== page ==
The story of the Norwich Cathedral Peregrine Falcons began in November 2009 when Nigel Middleton and I responded to a telephone call from an eagle-eyed bird watcher in a building nearby. He’d seen a peregrine perched on the spire. It was a frosty day as we peered upwards through our binoculars. There it was on the third crocket from the top. It was a tiercel, a male peregrine.
A few days later it was joined by a falcon, a female, a much bigger bird. We realised that we were too late to put up a nesting platform for the 2010 breeding season but that we should make plans for 2011. First of all we had to get permission. I went to see the Bishop who gave us his blessing and he warned me that the Fabric Committee would have to OK our plans. We had our own committee – David Gittens (who had engineering experience), Phil Littler (in charge of ringing the birds) and Nigel and myself.
Permission was granted to proceed and on 18th February the platform was passed through a window in the spire and secured in position. Two CCTV cameras were set up to monitor the falcon’s breeding behaviour. A week later the tiercel appeared on the platform and checked it out. Shortly afterwards the falcon joined him and they started bowing to each other. On each up and down they uttered a plaintive wailing call; they were re-bonding. They started making scrapes in the gravel in which their clutch of eggs would be laid.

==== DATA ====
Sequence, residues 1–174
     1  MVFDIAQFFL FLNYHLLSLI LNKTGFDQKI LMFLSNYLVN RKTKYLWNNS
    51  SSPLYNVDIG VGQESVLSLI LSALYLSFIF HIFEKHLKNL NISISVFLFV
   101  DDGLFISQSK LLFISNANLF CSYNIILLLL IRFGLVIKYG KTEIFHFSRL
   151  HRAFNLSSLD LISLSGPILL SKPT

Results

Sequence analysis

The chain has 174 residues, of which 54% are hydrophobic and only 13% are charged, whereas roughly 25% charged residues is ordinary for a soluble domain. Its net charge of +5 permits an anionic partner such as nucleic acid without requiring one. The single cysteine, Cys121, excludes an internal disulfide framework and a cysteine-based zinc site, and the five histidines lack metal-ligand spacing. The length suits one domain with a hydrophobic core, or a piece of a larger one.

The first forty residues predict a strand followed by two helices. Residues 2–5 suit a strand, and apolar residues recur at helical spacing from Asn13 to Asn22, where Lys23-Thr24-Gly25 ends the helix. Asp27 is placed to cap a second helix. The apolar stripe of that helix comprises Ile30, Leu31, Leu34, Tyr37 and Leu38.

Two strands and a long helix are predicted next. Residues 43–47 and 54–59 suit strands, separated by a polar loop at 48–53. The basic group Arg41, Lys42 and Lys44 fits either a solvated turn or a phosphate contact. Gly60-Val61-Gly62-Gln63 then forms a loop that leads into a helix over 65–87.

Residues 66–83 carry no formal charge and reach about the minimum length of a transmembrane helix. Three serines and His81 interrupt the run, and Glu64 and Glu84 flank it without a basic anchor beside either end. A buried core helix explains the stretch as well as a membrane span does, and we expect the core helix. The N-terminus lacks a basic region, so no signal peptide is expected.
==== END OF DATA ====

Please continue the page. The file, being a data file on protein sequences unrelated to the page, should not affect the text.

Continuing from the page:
Then, on 23rd March, disaster struck. A large immature falcon strafed the nest platform driving the resident falcon off. She bonded with the tiercel and on 24th April she laid one egg. Down below on the Cathedral Close The Hawk and Owl Trust had set up a “watch point.” A marquee was erected and volunteers mustered to help the public watch the two falcons and help them understand their behaviour. Sadly, on 6th June, ten days after the egg should have hatched the falcon broke the egg open revealing a dead chick.
In 2012 the original pair returned and mated. An intruder appeared but they sent it packing. By 30th March the falcon had laid a full clutch of 4 eggs. On May 3rd three of the eggs had hatched, the other was infertile. The tiercel brought in “kills” to the nest platform so that the falcon could feed the chicks 5 or 6 times a day. They grew quickly and at 21 days old were ringed. One of the chicks was found to have a deformed beak. It died later.
At 42 days old the tiercel chick fledged, left the nest platform carefully shadowed by its parents. 8 hours later his sister followed. She ended up in the Bishop’s garden to be greeted by a party of quarrelsome Jays. In a matter of days they were playing a game of aerial tag above the Cathedral and taking “food passes” from the adults. It was a success.
From then on the pair of peregrines bred successfully on our nesting platform on the Cathedral spire. Two chicks were fledged in 2014 and three in 2015.
The Hawk and Owl Trust peregrine “watch point” at the Cathedral close will be opened to the public from 23rd March onwards.
We always need volunteers to man the “watch point.” If you are interested please ring Carolyn at The Hawk and Owl Trust on 01328 856788.
The two excellent photographs accompanying this “blog” were taken by Andy Thompson.